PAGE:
April 7 marks the anniversary of the day beer was legally allowed to be manufactured and sold following the end of Prohibition in the US.

On March 22, 1933, the Cullen-Harrison Act was signed into law by President Franklin Roosevelt, allowing the manufacture and sale of beer that contained up to 4% alcohol by volume and some wines.

Although Prohibition remained in place for a few more months, the ability to drink beer and wine was still worth celebrating.

Beer has a close relationship to tax, and here are a few more interesting facts about beer to celebrate its anniversary.

Egypt was the first civilization to tax beer, with Queen Cleopatra putting a tax on it allegedly to curb public drunkenness and raise money for her navy.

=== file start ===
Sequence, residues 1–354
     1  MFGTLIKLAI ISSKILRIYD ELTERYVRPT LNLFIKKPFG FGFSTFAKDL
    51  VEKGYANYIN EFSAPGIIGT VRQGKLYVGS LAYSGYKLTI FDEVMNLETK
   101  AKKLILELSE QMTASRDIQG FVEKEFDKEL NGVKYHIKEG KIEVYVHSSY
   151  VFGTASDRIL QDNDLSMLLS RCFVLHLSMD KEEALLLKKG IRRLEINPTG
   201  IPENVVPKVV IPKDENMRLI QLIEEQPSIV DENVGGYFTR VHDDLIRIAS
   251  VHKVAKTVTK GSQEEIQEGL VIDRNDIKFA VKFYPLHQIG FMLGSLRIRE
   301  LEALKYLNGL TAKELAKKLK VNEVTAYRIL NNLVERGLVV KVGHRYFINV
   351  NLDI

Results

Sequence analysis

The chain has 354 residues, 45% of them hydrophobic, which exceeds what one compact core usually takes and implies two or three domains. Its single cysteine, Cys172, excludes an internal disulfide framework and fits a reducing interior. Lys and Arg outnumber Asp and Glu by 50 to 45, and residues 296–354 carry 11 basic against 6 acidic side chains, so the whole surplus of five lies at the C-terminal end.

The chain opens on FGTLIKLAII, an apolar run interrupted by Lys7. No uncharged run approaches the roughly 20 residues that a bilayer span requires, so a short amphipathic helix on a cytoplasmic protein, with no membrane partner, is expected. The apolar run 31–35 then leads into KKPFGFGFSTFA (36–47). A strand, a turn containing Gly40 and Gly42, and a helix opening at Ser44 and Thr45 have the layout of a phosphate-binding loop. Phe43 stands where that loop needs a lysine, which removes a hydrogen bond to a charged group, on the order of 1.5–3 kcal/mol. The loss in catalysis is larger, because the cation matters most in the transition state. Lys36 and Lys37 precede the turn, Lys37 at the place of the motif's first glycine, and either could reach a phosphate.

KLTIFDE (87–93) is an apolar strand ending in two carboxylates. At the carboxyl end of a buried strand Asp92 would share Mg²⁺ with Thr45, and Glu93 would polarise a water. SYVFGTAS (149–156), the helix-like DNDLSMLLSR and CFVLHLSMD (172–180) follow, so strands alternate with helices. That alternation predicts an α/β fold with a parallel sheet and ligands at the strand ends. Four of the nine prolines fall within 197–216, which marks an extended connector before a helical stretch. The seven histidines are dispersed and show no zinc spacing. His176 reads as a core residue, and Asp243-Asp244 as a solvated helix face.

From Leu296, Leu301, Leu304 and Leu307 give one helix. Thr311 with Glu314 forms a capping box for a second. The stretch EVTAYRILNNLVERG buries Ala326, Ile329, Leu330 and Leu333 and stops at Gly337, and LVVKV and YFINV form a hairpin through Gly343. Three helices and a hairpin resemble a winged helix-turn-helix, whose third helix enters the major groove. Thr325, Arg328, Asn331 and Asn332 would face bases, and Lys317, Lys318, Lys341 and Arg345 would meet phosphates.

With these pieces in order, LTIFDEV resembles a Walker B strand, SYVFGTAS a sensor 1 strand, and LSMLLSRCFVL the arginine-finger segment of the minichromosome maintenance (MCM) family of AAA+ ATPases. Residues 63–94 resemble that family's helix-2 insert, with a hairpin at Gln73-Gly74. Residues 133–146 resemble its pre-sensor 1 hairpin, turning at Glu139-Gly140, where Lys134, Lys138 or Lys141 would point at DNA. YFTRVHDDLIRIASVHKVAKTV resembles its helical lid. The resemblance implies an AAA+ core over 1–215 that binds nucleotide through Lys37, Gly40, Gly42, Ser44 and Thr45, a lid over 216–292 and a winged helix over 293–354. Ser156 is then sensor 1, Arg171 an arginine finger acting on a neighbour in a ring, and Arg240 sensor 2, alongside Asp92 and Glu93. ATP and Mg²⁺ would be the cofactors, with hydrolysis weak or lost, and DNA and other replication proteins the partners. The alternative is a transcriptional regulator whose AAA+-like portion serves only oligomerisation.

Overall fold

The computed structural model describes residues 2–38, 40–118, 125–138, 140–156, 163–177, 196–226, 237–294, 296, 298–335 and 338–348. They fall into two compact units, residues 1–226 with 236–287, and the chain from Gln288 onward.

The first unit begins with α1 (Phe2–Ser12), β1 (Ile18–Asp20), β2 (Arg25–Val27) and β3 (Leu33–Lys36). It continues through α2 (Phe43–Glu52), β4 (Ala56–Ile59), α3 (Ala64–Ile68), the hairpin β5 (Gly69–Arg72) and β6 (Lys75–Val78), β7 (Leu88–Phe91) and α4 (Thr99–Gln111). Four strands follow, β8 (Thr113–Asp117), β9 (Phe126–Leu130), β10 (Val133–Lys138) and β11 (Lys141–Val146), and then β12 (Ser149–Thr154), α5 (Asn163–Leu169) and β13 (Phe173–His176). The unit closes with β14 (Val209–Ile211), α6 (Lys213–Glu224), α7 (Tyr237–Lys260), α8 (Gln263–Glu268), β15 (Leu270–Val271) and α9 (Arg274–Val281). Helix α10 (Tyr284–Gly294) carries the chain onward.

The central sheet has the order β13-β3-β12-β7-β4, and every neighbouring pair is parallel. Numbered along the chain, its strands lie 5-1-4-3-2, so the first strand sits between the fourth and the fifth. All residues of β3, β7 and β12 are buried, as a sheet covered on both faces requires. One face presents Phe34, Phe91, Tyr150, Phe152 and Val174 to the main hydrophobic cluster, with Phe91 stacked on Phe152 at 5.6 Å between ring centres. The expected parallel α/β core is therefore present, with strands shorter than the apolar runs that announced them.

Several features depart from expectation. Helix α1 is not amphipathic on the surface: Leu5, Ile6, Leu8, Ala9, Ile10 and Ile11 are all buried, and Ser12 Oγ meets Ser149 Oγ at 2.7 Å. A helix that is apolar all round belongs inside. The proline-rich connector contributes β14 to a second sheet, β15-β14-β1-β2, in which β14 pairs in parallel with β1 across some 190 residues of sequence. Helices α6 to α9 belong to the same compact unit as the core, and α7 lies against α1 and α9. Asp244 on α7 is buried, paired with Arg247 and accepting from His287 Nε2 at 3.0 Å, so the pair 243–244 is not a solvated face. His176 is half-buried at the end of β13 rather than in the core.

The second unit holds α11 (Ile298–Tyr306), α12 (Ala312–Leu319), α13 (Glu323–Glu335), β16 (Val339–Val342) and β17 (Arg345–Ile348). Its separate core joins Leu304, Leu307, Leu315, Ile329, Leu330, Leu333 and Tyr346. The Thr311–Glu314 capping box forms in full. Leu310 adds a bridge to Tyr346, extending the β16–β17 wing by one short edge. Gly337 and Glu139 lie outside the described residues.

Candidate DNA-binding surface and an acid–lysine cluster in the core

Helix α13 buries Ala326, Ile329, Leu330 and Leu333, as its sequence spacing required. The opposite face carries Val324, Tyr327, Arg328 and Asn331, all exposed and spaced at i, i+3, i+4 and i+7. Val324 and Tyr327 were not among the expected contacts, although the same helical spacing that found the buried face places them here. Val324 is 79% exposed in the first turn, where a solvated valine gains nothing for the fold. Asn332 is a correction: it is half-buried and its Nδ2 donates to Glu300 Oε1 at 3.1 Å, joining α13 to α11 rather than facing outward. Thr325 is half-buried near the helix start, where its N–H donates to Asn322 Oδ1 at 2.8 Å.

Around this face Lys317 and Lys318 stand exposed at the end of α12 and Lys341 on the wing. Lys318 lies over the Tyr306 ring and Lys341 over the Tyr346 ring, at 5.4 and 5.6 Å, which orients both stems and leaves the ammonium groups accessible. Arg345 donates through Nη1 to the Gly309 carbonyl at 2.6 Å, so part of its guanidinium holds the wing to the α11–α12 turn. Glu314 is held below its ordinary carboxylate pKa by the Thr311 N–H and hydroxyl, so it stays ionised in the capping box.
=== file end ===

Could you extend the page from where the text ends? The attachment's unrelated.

In the US, beer is the most popular alcoholic beverage, but the government collects more money from liquor sales due to the way alcohol is taxed.

Congress imposed an excise tax on beer to help fund the Civil War, and it remains a significant revenue generator today, bringing in billions of dollars each year.

The Bavarian Purity Law of 1516 limited the ingredients used to make beer in Germany to barley malt, hops, yeast, and water, and allowed the government to tax beer.

Today, German beers are often labeled as being brewed according to this law, although it was largely gutted when Germany became part of the European Union.

Meanwhile, 99% of all beer cans and 97% of all soft drink cans are made of aluminum, and the tariffs on steel and aluminum signed into law in 2018 have generated over $1.9 billion, with only a small fraction going to the US government.